Because the building crosses the valley, “the superstructure is asymmetrically supported and so simple trusses wouldn't resist the twist created by the building’s self weight,” DeSimone explained. “We created a hollow trusses box that resolved the forces and allowed for column-free interior space. The trusses are supported on cast-in-place concrete cores that resist both vertical and lateral loads.
“The wadi was really the genesis for the system,” DeSimone said. “We needed to bridge the wadi, and the box truss enabled us to do that.”
The elevated monorail track that extends through the center of the building is structurally separate from the museum itself, Jambhekar says. “The foundations and aspects of the structure are completely isolated from the general building, so essentially it’s like creating two separate structures,” he says.
In designing the building the architects decided to offer a 21st-century rendition of the United Nations Educational, Scientific and Cultural Organization (UNESCO) World Heritage sites in Saudi Arabia: Madâin Sâleh and At-Turaif. These ancient carved-rock architectural spaces are similar to those found at Petra, Jordon. “Our building form became inspired by the rock,” Jambhekar says. “Of course, it’s all reinterpreted for the modern times, and, of course, it’s reinterpreted to accommodate the way we build buildings today.”
Because of the building’s location on either side of a wadi (valley)
with a 6 to 7 m grade difference, the superstructure is
asymmetrically supported. Retail spaces will line the wadi level.
The exterior of the museum is formed from lightweight steel framing with sheathing that has been clad with two layers of 10 mm thick opaque glass, a frit panel sandwiched in between, he notes. Diamond-shaped panels measuring approximately 6 by 3 m are then further divided into four quadrants, Jambhekar explains. “And the midpoint of the triangle is slightly depressed by a few inches, creating this textural quality within the laminated glass—the overall effect, from my point of view, is like chiseled rock.”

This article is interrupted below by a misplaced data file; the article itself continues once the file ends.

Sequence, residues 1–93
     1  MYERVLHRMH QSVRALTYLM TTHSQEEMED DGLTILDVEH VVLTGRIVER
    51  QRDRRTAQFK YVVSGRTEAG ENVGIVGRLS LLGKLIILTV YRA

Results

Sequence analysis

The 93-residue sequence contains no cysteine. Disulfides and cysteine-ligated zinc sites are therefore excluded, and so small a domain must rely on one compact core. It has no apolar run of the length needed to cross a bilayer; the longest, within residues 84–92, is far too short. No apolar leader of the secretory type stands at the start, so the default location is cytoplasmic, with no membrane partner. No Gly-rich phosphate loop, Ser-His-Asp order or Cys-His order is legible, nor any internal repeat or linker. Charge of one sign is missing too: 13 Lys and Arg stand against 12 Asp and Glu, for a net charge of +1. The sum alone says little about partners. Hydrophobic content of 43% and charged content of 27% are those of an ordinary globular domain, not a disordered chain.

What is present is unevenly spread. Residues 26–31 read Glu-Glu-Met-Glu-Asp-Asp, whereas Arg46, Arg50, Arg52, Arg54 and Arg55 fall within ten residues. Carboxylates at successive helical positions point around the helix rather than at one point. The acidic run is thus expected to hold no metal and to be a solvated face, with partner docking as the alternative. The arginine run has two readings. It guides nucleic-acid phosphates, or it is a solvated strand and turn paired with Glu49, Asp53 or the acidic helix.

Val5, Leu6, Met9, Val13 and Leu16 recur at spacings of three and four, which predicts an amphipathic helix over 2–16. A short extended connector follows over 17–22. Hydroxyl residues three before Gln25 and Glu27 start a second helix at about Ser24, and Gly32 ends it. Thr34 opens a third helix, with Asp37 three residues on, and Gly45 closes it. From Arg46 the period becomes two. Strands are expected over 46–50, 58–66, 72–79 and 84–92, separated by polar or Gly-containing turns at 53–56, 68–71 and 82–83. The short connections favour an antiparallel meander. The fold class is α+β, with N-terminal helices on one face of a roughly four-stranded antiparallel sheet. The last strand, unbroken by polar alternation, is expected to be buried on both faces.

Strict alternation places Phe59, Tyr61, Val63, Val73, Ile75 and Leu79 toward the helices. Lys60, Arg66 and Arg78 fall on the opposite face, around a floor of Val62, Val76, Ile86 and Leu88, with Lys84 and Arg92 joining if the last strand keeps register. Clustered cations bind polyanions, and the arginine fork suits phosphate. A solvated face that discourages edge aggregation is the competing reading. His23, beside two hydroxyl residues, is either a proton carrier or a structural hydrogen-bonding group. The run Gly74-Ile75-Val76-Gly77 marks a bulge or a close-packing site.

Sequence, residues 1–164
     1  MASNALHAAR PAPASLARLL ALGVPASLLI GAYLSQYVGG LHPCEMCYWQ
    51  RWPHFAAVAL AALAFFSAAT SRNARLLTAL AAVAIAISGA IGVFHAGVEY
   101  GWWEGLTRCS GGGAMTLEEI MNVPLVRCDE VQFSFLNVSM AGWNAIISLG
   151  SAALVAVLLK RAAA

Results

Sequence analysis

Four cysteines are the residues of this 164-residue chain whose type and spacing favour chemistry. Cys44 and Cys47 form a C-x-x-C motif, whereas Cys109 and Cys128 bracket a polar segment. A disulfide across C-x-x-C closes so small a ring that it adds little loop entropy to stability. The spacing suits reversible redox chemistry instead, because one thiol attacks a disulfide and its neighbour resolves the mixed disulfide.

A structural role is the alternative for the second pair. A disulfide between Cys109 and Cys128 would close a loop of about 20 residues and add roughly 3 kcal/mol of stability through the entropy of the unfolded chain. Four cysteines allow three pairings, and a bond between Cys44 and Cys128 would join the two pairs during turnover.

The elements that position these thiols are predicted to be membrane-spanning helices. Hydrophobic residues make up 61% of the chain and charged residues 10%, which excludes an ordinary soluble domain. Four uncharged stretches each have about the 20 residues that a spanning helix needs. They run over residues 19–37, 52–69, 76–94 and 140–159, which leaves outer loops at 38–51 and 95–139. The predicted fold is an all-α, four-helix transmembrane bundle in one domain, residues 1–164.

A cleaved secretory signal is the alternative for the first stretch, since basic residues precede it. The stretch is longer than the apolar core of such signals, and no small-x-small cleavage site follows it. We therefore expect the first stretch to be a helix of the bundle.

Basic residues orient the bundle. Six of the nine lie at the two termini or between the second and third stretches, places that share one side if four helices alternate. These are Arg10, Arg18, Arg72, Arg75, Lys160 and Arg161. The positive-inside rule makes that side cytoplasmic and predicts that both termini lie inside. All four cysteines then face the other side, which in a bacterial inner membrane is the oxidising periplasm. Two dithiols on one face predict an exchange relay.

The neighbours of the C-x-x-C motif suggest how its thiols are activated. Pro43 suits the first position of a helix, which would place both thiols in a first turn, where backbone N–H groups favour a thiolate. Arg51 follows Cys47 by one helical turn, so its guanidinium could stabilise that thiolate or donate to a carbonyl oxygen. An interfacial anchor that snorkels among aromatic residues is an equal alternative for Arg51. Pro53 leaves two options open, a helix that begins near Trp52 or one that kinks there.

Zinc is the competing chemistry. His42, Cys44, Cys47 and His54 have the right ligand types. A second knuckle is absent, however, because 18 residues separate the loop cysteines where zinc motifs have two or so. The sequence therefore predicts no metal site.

The glass panels are held in place by an aluminum subframing system. While the majority of the cladding system is bolted to a steel hollow-frame system, a glass-and-cable facade system will be used for the end walls of the galleries and an atrium space, according to material provided by the architects.
The facade will wrap the entire roof of the building to reduce the heat gain of the structure and to provide a pleasing view to occupants of the district’s neighboring high-rise buildings, which have views down to the museum, Jambhekar says.
The facade will also act as a rain screen and rain water collection system, according to material provided by the architects.
In addition to the shape of the building, the ancient architecture also inspired the openings in the museum’s facade that will admit light into the museum’s interior. The exterior of the museum will not be lit at night so that the interior lights can shine through these openings in the exterior concrete walls and through the glass. “We thought that during the nighttime, the interior lighting would basically create the effect of these small openings like stars in the sky,” Jambhekar notes. In their shape, the small triangular and circular openings in the concrete block wall will also pay homage to the importance of the moon and stars to Islamic culture, he says.
The museum will provide space in which to exhibit symbolic
interpretations of art and architecture in the peninsula, with a
special focus on sustainable thinking in the built environment of
the past, present, and future. FXFOWLE Architects
The museum will provide space in which to exhibit “works related to the symbolic interpretation of the historical development of the arts and architecture in the peninsula, and in particular how past and present trends in sustainable thinking are shaping the future of the built environment,” according to material distributed by the architects. The education of visitors is the ultimate goal of the museum, according to the architects.
The museum will also contain street- and wadi-level retail businesses, a destination restaurant with an outdoor terrace, administrative offices, and a VIP lounge, as well as research and archival areas, workshops, and a 150-seat auditorium.
Multiple projects within the district are currently under way. Excavation of the museum site has been recently completed, and the elevated monorail line is currently being built on the site. The museum is expected to be complete in 2017.